Using 9v 1A adapter to power Arduino UNO for 2 weeks via DC power jack

I am working on a project where an Arduino UNO reads the time from a DS3231 and controls a relay FL-3FF-S-Z. The relay would be powered for a maximum of 5 mins per day. Would a 9V 1A adapter (9v 1A DC Power Adapter - RoboElements) work for 2 weeks via DC jack without burning or seriously damaging the Arduino UNO ?

A schematic would go a long way to get a better answser

Assuming you power the UNO from the Jack, hook up the relay to GND and 5V from the UNO's pin and of course have another power supply for the load.

Your relay's coil will draw ~100mA when activated and the UNO will draw a bit of current as well to run (50mA) This stays well within acceptable limits and the Arduino Uno will work fine under 9V for a long time.

You'll be participating to global warming a bit more than if you had a lower voltage as you are dissipating (wasting) ~4V x amps drawn through the regulator that will heat up.

Is there a stable way to provide a lower voltage which can also run unsupervised for a couple of weeks?

use a phone charger 5V USB power supply for example and feed that through USB. If your phone power adaptor is efficient then it's probably a better equation to do 230VAC ➦ 5VDC directly than 230VAC ➦ 9VDC ➦ 5VDC

but again, @9V with this type of current draw you should be fine for years

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Due to the limitations of the on-board regulator, powering from other than 5 V is a generally bad idea.. One relay (on a module of course, with its control transistor) drawing a nominal 90 mA when actuated you may get away with at 9 V, but the risk is that at some stage you will add something else drawing current and wonder why it becomes unreliable.

Be careful with phone chargers. They are for charging. Some cheap chargers with an 5V output has actually 6-6.5V at low current consumption. If you apply such a voltage to Arduino, it will be bad for him.

yeah it has to be 5V

Most phone chargers shut down when the load current falls below a certain level. You may need to sink additional current to get it to stay on.

So how would I suuply the 5V if a 9V adapter is too much and a 5V adapter might provide higher voltage at low current levels? Is it impossible to use an arduino powered from anything apart from a USB port on a computer or a laptop?

Then how shall I power the Arduino?

I meant cheap chenese charger. Most modern chargers give 5V. Take 5V charger and check with DMM that it gives 5V±5%. Enjoy your health.

You could try using a USB power pack available form many sources, eg Big River Company.
Often used to extend the time a mobile phone will run etc.

Just use a real 5 V adapter - "phone charger". :grin:

You need 5 V. "Boffin" has spooked you to start with but corrected himself. Just check the voltage with your multimeter in case it is some piece of rubbish. A branded device such as Apple or Samsung should be the real deal or one you buy in a local shop. Ridiculously cheap ones direct from China may not only be poorly regulated, but unsafe.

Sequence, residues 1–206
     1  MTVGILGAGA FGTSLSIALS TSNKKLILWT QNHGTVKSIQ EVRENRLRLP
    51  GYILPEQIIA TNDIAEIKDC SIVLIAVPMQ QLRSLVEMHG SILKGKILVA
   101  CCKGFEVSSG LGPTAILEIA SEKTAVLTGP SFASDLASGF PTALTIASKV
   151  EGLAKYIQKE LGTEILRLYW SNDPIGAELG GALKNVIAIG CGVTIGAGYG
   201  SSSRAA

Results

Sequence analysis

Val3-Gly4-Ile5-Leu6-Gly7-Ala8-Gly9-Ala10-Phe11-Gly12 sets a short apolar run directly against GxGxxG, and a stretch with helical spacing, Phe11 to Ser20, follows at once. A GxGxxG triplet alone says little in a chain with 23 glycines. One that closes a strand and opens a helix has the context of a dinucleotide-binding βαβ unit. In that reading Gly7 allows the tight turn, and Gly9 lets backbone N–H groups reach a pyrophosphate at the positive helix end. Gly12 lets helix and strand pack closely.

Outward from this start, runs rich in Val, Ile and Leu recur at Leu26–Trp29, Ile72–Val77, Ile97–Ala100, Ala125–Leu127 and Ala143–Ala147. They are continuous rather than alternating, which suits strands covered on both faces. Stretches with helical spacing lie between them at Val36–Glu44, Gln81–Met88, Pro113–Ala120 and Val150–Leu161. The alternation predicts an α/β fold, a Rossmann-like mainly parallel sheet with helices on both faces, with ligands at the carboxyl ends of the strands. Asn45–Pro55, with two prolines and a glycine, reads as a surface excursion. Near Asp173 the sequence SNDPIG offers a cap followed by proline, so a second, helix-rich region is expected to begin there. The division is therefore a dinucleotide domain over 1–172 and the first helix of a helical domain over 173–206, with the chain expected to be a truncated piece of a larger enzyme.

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I think responders are mixing metaphors.
If you supply +5V through the 5V pin, then the 5V has to be well-regulated, clean and capable of at least 1 Amp. Most phone chargers don't provide a well-regulated 5V or 1 Amp.
If you provide 7V to 12V to the barrel jack, you are OK. Anything less won't work because the 5V regulator on the PCB won't regulate to 5V. 7 to 9V is best. If you power ONLY the Arduino with 12V through the barrel jack, you will not likely ever have an issue. I have powered Uno projects using a 12V wall-wart for weeks at a time and never an issue. (Yes, the on-board regulator gets warm. Not hot). If you power downstream peripherals such as LED strings, relays or motors through the 5V pin, then you are probably out of spec and risk smoking the on-board regulator.

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And, what makes you think that the Amazon or Apple branded adapters aren't the same Chinese parts with the Apple or Amazon brands on them?

Good brands are way more careful about their branded devices even if the parts are subcontracted (usually the case). They have quality control and more rigorous adherence to specifications.

I'd buy from Apple or Samsung directly if you want the real thing because there are clones that would go as far as counterfeiting the logo...

(my old iPod power supply (which is made by Samsung) is delivering 5.20V and not 5V and is pretty stable wether I draw nothing or 500mA)

Power supply or charger? I never expect a charger to be well-regulated.

it's a charger (used to charge the iPod back in the days)

Today I connected it to my iPhone's 5W charger for 12 hours and things looked fine. Not sure if it would be as fine for a couple weeks though.

I checked my iPhone charger, it outputs 5.06V even without load. So you can be calm.